The Victorian Supernatural

The Fashionable Science of Parlour Magic / British Library, Public Domain Challenging the idea of the 19th century as one of secularisation, exploring the popularity of mesmerism, spiritualism and ‘true’ ghost stories in the period. By Dr. Roger Luckhurst / 05.15.2014 Professor of Modern Literature Birkbeck College University of London The 19th century is routinely thought[…]

The Poetry of Victorian Science

Watercolour portrait by William Buckler of Robert Hunt, 1842 — Wellcome Library, Creative Commons In 1848, the mineralogist, pioneer of photography, and amateur poet Robert Hunt published The Poetry of Science, a hugely ambitious work that aimed to offer a survey of scientific knowledge while also communicating the metaphysical, moral, and aesthetic aspects of science to the[…]

Pens and Needles: Reviving Book-Embroidery in Victorian England

Embroidered book cover for Henshaw’s Horae Successivae (1632), white satin with a floral design edged in gold cord, featured in Cyril Davenport’s English Embroidered Book-bindings (1899) / Internet Archive By Dr. Jessica Roberson / 03.21.2018 Postdoctoral Fellow William Andrews Clark Memorial Library University of California, Los Angeles There are few more pleasing accupations [sic] for the skillful fingers of[…]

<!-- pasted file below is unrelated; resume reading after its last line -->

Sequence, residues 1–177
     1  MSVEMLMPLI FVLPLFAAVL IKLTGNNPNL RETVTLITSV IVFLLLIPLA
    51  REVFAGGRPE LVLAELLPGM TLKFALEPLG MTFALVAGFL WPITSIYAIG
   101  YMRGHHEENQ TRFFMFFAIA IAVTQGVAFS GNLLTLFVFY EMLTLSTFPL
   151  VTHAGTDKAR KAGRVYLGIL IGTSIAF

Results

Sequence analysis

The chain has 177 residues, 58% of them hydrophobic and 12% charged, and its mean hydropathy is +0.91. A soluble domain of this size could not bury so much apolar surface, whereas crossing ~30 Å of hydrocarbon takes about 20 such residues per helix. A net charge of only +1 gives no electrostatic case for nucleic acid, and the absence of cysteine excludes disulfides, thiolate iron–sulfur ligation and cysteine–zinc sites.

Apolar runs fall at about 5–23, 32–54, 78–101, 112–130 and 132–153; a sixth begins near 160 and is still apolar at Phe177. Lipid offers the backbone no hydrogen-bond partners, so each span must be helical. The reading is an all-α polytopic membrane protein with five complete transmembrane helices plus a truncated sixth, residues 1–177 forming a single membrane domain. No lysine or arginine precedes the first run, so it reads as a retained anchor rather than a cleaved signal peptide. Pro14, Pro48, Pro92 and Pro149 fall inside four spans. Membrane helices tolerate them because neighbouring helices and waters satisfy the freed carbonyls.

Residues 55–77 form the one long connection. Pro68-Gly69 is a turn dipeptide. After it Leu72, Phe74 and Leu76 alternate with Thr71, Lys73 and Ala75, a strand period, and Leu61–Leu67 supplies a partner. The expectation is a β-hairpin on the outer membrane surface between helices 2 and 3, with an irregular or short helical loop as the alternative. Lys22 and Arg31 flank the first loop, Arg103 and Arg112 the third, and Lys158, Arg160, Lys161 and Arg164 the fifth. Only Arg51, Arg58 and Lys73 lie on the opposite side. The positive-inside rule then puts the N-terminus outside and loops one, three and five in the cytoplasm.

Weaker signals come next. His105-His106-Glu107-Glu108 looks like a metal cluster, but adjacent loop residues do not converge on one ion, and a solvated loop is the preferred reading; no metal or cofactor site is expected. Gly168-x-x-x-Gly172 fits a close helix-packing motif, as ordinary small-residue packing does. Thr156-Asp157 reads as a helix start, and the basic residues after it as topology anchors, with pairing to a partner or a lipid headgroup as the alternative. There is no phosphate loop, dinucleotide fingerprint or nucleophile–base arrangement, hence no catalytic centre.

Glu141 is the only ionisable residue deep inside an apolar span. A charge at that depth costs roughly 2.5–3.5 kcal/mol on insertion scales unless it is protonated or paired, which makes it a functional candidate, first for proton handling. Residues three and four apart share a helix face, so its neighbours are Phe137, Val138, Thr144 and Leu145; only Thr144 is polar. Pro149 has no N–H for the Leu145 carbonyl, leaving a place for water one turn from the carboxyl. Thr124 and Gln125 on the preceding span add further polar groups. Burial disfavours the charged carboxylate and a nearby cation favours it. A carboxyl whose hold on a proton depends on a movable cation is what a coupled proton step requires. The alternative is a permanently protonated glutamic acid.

Mrs. Giacometti Prodgers, the Cabman’s Nemesis

Cartoon from Punch magazine, March 6th 1875, pp.106: (Internet Archive) Heather Tweed explores the story of the woman whose obsessive penchant for the lawsuit struck fear into the magistrates and cabmen alike of Victorian London. By Heather Tweed / 03.23.2016 Artist and Educator Imagine, if you will, strolling towards a Hackney cabstand in late 19th century London.[…]

Bad Air: Pollution, Sin, and Science Fiction in William Delisle Hay’s The Doom of the Great City (1880)

Coloured aquatint, ca. 1862, depicting a man covering his mouth with a handkerchief, walking through a smoggy London street / Wellcome Library Deadly fogs, moralistic diatribes, debunked medical theory — Brett Beasley explores a piece of Victorian science fiction considered to be the first modern tale of urban apocalypse. By Brett Beasley PhD Student in[…]

The Eternal Guffaw: John Leech and The Comic History of Rome

Detail from John Leech’s illustration “Tarquinius Superbus makes himself king” featured in The Comic History of Rome – Internet Archive At the beginning of the 1850s, two stalwarts from the heart of London-based satirical magazine Punch, Gilbert Abbott à Beckett and John Leech, cast their mocking eye a little further back in time and published The Comic History of Rome.[…]